Monet reverberates the canvas in tremendous confidence and joie-de-vivre way suggesting a powerful horizontal immersion with red-clad figures among the throng.

Monet witfully exploits the blue colour of the canvas evoking a moisture-laden albeit azure-tinted coastal light, forging a fascinating tour to the relationship between the impressionist master and the sea.

Offering substantial insight into the revolutionary development of his impressionist oeuvre, At Sea Pastel by Claude Monet is an extraordinary piece of the heralded legendary artist.

Monet's subtle entrancing works throughout his career reveal his lifelong fascination with light and atmosphere in illuminating a breath-taking ambience. At Sea Pastel by Claude Monet is no exception, with its exquisite light and avid immersion, the stunning pastel envisages Monet’s revolutionary impressionist style transcending naturalism in colour and form alike.

Among his first works en plein air that he composed in Normandy, At Sea Pastel by Claude Monet served as a significant precursor to the impressionistic and spontaneity verve of Monet’s oil paintings later on. His early painting from this epoch reveal undoubtedly the influences of great French landscape painters particularly those he encountered in his early days during their stay in Le Harve such as Eugene Boudin.

Who encouraged the young artist to set up his easel in the outdoors in order to astoundingly capture the vast, beautiful world around him, with Monet’s early style eventually vivaciously emulating the vibrant and natural light of his teacher.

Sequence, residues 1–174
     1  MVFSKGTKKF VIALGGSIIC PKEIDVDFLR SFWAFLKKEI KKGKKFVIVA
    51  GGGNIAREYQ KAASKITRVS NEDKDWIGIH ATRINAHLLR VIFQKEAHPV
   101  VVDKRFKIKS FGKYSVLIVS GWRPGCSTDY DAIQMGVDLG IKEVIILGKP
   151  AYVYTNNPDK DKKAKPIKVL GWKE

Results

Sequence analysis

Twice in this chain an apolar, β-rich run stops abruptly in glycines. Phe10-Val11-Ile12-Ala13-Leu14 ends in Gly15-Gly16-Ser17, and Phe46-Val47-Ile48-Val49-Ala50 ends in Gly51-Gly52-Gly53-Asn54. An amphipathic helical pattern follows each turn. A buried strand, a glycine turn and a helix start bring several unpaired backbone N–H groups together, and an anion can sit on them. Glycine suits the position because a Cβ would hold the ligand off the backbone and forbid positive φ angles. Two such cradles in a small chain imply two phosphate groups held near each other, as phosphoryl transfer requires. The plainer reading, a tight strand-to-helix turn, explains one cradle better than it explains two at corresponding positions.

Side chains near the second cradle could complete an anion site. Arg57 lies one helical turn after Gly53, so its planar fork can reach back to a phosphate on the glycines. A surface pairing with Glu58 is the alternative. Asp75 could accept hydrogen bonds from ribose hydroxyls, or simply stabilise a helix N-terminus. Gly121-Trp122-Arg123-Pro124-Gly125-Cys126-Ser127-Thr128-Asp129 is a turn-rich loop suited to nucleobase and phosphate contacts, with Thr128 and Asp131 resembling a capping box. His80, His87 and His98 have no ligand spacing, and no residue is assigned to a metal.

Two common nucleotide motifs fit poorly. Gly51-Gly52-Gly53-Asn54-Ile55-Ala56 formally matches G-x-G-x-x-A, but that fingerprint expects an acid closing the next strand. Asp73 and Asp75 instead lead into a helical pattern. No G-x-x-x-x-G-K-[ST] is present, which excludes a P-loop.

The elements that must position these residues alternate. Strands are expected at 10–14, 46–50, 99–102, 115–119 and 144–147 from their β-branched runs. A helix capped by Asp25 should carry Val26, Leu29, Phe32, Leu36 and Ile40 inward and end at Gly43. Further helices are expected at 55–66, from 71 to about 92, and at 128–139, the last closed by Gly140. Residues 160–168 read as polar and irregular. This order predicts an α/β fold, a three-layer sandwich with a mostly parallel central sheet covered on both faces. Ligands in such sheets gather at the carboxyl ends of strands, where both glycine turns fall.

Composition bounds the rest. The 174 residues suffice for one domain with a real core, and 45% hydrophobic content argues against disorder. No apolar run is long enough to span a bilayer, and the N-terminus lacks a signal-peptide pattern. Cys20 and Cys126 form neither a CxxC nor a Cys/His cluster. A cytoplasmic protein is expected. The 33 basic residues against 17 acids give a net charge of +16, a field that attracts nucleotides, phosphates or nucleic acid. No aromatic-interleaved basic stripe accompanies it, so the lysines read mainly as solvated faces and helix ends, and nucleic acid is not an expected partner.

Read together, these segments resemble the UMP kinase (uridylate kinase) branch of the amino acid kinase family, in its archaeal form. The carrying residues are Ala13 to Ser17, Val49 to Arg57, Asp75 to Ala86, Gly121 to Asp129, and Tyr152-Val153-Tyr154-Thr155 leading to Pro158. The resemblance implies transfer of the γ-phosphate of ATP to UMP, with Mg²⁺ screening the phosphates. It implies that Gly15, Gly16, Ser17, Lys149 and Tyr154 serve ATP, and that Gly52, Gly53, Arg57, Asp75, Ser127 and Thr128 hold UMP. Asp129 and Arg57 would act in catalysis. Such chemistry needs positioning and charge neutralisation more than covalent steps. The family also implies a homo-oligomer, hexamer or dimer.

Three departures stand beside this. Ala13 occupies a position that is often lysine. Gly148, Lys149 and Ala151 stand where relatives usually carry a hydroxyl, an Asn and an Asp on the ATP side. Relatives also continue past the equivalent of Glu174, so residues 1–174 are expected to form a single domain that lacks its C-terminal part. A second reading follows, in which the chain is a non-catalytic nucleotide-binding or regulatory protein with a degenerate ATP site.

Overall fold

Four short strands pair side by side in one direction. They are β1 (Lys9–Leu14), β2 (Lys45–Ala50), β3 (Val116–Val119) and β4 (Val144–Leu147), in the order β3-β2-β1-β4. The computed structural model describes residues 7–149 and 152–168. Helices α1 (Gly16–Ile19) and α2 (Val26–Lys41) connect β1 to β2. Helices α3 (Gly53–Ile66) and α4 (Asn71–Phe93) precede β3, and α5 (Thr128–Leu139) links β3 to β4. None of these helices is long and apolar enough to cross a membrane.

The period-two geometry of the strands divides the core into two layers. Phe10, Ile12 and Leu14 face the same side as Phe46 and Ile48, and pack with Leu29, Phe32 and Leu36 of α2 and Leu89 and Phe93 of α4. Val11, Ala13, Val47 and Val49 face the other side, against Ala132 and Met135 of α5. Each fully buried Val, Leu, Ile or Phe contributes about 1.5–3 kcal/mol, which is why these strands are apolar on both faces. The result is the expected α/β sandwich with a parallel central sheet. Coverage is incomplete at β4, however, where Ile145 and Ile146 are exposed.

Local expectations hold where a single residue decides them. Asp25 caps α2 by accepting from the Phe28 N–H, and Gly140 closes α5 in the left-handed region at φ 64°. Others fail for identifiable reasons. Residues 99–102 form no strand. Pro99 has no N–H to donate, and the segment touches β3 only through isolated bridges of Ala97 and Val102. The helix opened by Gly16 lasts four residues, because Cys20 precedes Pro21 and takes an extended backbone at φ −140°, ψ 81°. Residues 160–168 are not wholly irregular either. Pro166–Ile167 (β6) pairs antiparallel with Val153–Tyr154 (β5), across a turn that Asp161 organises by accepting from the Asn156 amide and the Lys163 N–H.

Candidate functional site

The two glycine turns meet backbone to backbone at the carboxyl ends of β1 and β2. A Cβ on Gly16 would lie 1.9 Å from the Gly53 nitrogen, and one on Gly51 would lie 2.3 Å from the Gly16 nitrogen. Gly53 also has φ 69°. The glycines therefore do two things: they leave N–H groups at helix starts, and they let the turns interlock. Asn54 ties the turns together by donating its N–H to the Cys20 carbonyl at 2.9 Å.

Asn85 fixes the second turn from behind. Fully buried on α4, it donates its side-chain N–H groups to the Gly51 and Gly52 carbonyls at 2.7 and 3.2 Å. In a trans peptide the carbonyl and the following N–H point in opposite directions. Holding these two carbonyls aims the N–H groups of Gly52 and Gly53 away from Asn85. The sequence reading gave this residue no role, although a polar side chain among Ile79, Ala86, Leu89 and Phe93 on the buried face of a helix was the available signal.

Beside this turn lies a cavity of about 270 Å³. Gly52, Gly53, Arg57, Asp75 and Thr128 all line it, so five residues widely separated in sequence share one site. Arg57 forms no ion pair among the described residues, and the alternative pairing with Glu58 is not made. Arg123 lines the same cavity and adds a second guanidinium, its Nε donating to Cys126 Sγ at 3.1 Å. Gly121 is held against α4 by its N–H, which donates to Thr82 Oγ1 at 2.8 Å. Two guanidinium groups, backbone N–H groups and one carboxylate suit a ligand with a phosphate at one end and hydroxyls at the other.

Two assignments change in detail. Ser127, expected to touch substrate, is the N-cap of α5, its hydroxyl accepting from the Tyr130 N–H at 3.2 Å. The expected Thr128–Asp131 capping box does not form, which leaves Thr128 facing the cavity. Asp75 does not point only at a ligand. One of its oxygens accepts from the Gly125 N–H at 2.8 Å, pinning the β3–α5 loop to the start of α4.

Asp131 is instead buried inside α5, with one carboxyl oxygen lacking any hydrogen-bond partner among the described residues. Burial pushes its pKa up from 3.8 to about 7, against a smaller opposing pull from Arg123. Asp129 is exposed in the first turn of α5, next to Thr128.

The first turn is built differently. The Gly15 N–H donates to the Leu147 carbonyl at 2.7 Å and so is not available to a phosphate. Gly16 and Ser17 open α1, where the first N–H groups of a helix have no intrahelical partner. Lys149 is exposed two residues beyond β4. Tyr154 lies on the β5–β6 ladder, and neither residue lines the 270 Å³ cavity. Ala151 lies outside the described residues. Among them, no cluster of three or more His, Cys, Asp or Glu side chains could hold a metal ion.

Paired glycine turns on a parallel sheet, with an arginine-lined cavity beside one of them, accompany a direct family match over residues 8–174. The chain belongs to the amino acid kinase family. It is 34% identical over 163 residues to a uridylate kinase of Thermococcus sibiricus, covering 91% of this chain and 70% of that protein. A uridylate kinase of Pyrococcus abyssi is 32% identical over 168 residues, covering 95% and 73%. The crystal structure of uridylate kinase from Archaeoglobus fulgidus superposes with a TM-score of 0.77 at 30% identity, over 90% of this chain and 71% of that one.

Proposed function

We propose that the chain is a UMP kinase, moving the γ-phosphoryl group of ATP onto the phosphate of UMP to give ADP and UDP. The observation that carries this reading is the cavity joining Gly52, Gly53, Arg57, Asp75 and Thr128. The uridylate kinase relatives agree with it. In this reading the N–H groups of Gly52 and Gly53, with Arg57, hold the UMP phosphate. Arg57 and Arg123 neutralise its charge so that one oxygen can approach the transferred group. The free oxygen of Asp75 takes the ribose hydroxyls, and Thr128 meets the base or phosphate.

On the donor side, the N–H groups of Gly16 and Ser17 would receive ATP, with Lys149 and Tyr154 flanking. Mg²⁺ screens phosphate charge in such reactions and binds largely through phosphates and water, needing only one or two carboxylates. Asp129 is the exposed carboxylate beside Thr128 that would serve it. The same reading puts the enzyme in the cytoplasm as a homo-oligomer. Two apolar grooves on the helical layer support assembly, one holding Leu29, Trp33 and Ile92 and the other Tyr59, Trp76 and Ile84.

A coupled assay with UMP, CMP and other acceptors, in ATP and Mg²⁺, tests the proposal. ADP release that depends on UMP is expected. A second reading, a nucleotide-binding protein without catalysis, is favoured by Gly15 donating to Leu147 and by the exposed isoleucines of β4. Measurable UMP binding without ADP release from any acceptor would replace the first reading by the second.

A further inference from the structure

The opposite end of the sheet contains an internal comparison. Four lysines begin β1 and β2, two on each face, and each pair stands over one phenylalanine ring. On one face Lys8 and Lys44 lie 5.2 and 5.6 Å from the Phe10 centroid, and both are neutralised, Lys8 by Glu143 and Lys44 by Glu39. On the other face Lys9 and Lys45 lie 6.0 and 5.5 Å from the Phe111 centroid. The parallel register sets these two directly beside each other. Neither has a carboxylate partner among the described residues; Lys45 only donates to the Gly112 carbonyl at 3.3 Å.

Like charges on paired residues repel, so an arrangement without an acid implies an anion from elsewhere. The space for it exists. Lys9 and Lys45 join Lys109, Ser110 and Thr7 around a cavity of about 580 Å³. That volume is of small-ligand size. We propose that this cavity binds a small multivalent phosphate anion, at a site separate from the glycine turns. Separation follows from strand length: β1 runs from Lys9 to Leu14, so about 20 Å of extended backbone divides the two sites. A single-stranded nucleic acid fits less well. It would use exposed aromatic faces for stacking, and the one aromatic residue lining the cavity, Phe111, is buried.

As one of the venerated and recognized artists of all time, Claude Monet was a dedicated student of nature, budding with fascination about the tumultuous sea, ever-changing weather, and the subtle ephemeral quality of light. Related artists include Whistler, Renoir, Degas and Cezanne.

Monet held a profound enthrallment to perspective, the play of movement, and natural light in the composition of landscapes peerless in splendour. His ingenious recreative natural ephemeral phenomena on canvas is evident even in his crucial early pastel days standing as a significant precursor to his later paintings to come, but all maintaining his naturalist style.

Born in 1840 in Paris, Claude Monet is one of the most applauded leaders and pillar of the French revolutionary impressionist painting style, best known for his shimmering works in oil paints, as well as, transfixing pastels and drawings.

The intricate relationship between Monet and the sea, started soon as the young outgoing artist in the mid-1850’s along with his family were established in the coastal town of Le Havre. In these early fleeting years Monet did not feel the subtle appeal for the ‘Plein air’ painting, instead, he focused on creating caricatures of acquaintances and neighbours.

It was not long before the young artist caught the eye of Eugene Boudin – one of the greatest seascape painters if the 19th century – who had established himself years earlier at Le Havre.

In the duration of a few months, the master swayed the witting young artist to accompany him on one of his outdoors painting outings. It was from the tenacity of Eugene Boudin that Monet embraced his skill and grow to be a revolutionary painter transcending the canvas.